As I did have a jar of Korean fermented hot pepper paste (gochujang) in my refrigerator, I used the same sauce that Jaden posted, except that I added liquid smoke because smoky BBQ meats are generally used in these tacos. I used corn tortillas because that's what I had, and, anyway, I think they taste better than wheat tortillas. I didn't have any kimchi (Korean spicy cabbage pickle), or cucumbers to make her Quick Cucumber Pickle (remember, I live on an island and the store is closed on Sundays!). But that wasn't really a problem. I combed through the fridge and found a turnip, some red and green peppers already cut, and some green onion-- good enough! I made a tasty quick pickle/salad with that and we were in business!

Printable Recipe

PS: If you want to make your own vegan kimchi to use as a condiment with this dish, try Julie Hasson's recipe (with video)! You may be able to find a commercial version without seafood (many varieties contain either fish sauce or salted shrimp)-- see this article for the regional differences in ingredients.

Servings: 4
Yield: 8-12 tacos

Adapted from a recipe here. For the "kogi" (which means "meat"), you can use reconstituted Soy Curls™, your favorite type of seitan, commercial "chicken strips", Field Roast "Celebration Roast" cut in strips, even strips of fried tofu or tempeh. I have include a recipe for a Quick Turnip Pickle, but you can use vegan kimchi instead, or use both. This recipe, including the pickle, is very quick to make!

1 lb (16 oz.) shredded or julienned chicken substitute of choice (see text above) 
8-12 / 7" corn tortillas 
Kogi BBQ Sauce: 
2 tablespoons Korean fermented hot pepper paste (gochujang) 
3 tablespoons organic unbleached granulated sugar 
or 2 tablespoons agave nectar 
2 tablespoons soy sauce 
2 teaspoons Asian (roasted) sesame oil 
1 teaspoon rice wine vinegar (or a little more to taste) 
1/2-1 teaspoon liquid smoke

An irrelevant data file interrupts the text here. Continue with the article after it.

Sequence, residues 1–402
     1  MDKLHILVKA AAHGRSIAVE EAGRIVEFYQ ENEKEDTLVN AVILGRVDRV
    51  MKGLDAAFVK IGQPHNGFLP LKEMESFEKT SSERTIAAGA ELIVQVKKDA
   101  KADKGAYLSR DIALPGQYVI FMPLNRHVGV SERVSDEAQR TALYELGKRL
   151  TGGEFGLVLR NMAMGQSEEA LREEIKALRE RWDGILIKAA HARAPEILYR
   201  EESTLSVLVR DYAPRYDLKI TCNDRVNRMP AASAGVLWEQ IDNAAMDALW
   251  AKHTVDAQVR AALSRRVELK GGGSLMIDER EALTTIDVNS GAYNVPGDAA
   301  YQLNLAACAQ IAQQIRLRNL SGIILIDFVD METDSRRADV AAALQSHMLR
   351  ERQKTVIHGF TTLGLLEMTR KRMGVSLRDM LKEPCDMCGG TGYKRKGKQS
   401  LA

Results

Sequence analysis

Quick Turnip Pickle: 
1 medium purple and white turnip, peeled and shredded or grated 
1/2 a medium red bell pepper, seeded cut into short slivers 
1/2 a medium green bell pepper, seeded cut into short slivers 
4 green onions, chopped 
2 tablespoons rice wine vinegar or lime juice 
1/2 teaspoon organic unbleached granulated sugar or agave nectar 
1/2 teaspoon dried red chili pepper flakes 
salt to taste 

For the BBQ Sauce, whisk all of the ingredients together until sugar has dissolved. You can make this ahead of time and store it in a covered jar the refrigerator, if you like.

Jar of Korean fermented hot pepper paste (gochujang) in left foreground

To make the Quick Turnip Pickle, mix together all of the ingredients. Taste for salt. Spoon the mixture into a serving bowl, cover and refrigerate as you make the tacos.

To make the taco filling, heat a large nonstick pan with a little oil in it. When hot, add the chicken substitute and toss it around in the hot oilk until slightly browned. Pour in the BBQ sauce and distribute around in the pan until everything is coated and hot. Set aside with acover on it.

Heat the tortillas is a tortilla steamer, or warm them in a covered casserole, wrapped in a clean wet cloth, in the microwave for a minute or two.

Quickly distribute the filling evenly between all of the tortillas and serve with the Quick Turnip Pickle on the side, and some vegan kimchi alongside it, if you wish. Don't forget the napkins!

THE NUTRITION FACTS AT THE BOTTOM OF THIS RECIPE ARE FOR 4 SERVINGS, USING 12 TORTILLAS. IF YOU USE ONLY 8 TORTILLAS, THEY ARE AS FOLLOWS: Nutrition (per serving, 2 tortillas each): 355.1 calories; 25% calories from fat; 10.3g total fat; 0.0mg cholesterol; 948.7mg sodium; 317.1mg potassium; 50.5g carbohydrates; 9.0g fiber; 14.8g sugar; 41.5g net carbs; 18.8g protein; 7.2 points.

Nutrition Facts
Nutrition (per serving, 3 tortillas each):
412.8 calories; 23% calories from fat; 10.9g total fat; 0.0mg cholesterol; 951.5mg sodium; 357.2mg potassium; 62.6g carbohydrates; 10.4g fiber; 14.8g sugar; 52.2g net carbs; 20.3g protein; 8.4 points.